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September 2010 | Volume 9 Issue 5   


    Affordable Housing in New Jersey's Transit Villages
    Affluent County Plans for Transit-Oriented Workforce Housing
    The City of Boston Creates Green Affordable Housing

Affluent County Plans for Transit-Oriented Workforce Housing

The Washington, DC metropolitan area, home to six major employment centers, is experiencing a shortage of 40,000 housing units affordable for low- to moderate-income working families. According to the Urban Land Institute, this shortage is anticipated to increase by another 5,000 units by 2030.

One of these major employment centers — Tysons Corner — is located in Fairfax County, Virginia, the most populous county in the state with over 1 million residents. The county also has the largest number of jobs and labor force in the DC metro area, and with a median household income topping $100,000, is counted among the most affluent counties in the nation. To maintain its economic vitality and continue to thrive as a major employment hub, Fairfax County is taking steps to ensure an adequate supply of affordable housing for its workforce. In June 2010, the County Board of Supervisors approved a plan to transform Tysons Corner into a mixed-use, transit-oriented development center that integrates a range of housing opportunities that provide much needed affordable housing for area residents.

A skyline view of Tysons Corner, Virginia.Tysons Corner Redevelopment

With over 26 million square feet of office space, Tysons Corner ranks as the nation's twelfth largest business district. Home to Fortune 500 companies like Capital One, Hilton Worldwide, and Science Applications International Corporation, the largely commercial area is characterized by long stretches of multi-lane, high-traffic roads without pedestrian crossways and with little mixed-use development. The county's 20-year redevelopment plan for Tysons Corner seeks to transform the auto-dependent business center into eight land use districts, each featuring a mix of uses and pedestrian-friendly neighborhoods with sidewalk cafes, shops, and open spaces concentrated around four Metrorail stations. These rail stations are scheduled to be completed by 2013, and will be an extension of Washington, DC's existing Metrorail system, the second-busiest rail system in the nation. The extension will connect to the Dulles Airport and other major business and industrial hubs in the surrounding area. This enhanced connectivity will increase accessibility to job centers, valuable commercial establishments, hospitals, and other public facilities while reducing the dependence on cars and lessening traffic congestion.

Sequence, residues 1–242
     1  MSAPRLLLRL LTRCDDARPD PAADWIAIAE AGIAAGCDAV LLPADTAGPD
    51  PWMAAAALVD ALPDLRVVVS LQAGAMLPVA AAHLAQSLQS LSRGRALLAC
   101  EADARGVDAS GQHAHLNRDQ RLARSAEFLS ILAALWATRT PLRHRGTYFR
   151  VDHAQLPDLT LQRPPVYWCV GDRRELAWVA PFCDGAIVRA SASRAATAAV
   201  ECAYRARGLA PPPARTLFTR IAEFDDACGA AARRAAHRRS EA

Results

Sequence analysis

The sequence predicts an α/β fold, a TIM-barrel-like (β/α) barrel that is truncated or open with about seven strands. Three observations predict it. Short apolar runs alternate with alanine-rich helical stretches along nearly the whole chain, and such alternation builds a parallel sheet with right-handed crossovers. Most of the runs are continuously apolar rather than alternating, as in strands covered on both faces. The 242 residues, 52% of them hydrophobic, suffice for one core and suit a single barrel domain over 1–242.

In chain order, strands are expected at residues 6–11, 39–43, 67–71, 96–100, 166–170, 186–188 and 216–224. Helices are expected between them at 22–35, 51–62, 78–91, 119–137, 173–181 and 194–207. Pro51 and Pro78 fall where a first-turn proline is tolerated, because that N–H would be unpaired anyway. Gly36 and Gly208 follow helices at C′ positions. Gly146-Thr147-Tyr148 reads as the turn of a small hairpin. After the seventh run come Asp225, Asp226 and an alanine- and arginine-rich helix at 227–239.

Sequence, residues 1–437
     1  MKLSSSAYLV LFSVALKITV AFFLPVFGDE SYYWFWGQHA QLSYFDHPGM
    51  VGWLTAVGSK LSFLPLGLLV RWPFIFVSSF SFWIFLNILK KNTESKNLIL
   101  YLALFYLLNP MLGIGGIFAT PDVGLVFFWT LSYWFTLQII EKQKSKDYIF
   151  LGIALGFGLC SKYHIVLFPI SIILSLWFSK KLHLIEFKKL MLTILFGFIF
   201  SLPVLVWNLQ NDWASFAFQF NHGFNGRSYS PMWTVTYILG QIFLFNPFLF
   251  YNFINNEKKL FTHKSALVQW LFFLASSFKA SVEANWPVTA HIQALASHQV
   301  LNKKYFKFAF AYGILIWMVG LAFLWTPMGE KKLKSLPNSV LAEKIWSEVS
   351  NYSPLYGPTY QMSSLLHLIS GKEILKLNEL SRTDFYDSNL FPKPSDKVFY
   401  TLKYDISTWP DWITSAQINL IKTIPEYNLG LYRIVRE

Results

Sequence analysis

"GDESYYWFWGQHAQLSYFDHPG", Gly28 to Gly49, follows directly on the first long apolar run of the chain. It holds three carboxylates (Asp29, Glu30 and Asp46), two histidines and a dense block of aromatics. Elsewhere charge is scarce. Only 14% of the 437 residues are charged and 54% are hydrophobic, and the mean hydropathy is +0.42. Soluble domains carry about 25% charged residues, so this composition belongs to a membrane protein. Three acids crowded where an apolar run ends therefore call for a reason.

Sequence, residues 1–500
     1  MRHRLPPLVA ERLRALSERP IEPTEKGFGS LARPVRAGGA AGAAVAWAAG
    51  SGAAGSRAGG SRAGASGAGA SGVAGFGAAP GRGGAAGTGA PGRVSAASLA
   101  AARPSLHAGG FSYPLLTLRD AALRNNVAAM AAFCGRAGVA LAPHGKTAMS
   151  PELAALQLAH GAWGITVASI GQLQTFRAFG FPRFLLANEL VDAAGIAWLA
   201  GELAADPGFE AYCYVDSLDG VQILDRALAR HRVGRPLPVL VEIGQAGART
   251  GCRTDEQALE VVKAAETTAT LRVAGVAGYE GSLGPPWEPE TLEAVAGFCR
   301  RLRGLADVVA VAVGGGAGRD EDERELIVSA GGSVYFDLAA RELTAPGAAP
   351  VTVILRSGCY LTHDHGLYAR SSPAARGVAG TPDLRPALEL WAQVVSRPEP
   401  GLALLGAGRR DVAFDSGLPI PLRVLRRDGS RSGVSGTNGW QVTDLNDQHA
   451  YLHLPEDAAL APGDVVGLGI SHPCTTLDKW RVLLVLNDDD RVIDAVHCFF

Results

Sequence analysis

The redevelopment plans are expected to double the area's jobs and more than quadruple its residents by 2050. Commercial density for the area will be capped at 45 million square feet of office space through 2030, but there will be no limit on residential development to increase housing supply. To avoid pricing out workforce households, the plan requires 20 percent of the units in new residential development to be affordable to households with incomes ranging from 50 to 120 percent of the area median income, well above the county-wide minimum set-aside requirement of 12 percent. Projects are granted a 20-percent residential floor area bonus (thus increasing the allowable density) to help meet this requirement, and developers have flexibility in how and where the affordable units are situated within Tysons Corner. In addition, for every square foot of nonresidential development, the county will impose a $3.00 charge on the developer to be deposited in a county housing trust for affordable and workforce housing opportunities. The $3.00 per square foot of nonresidential development fee can also be met through an equivalent contribution of land or affordable units.

Sustainability is a vital part of the Tysons redevelopment plan, with its focus on high-density growth around transit stations and incentives for meeting green building standards. To encourage pedestrian-friendly development, the plan takes a tiered approach to density allocations based on distance from a transit station. The highest densities are allowed for projects located within one-fourth mile of a transit station. All new nonresidential buildings must, at minimum, qualify for a Silver certification in the U.S. Green Building Council's Leadership in Energy and Environmental Design (LEED) program. Meeting this standard allows developers a 2-percent density bonus that can increase up to 10 percent with a Platinum rating, the highest and most rigorous LEED standard. Residential development will be guided by green building practices and resource conservation specifications outlined in the Comprehensive Plan.


Fairfax County is taking steps to include workforce housing as an integral part of the transformation of Tysons Corner into a mixed use, transit-oriented urban center. Affordable housing opportunities will be provided through a combination of land banking and density bonuses and workforce housing requirements, giving low- to moderate-income households the opportunity to live in an area with abundant employment opportunities and convenient proximity to Washington, DC.


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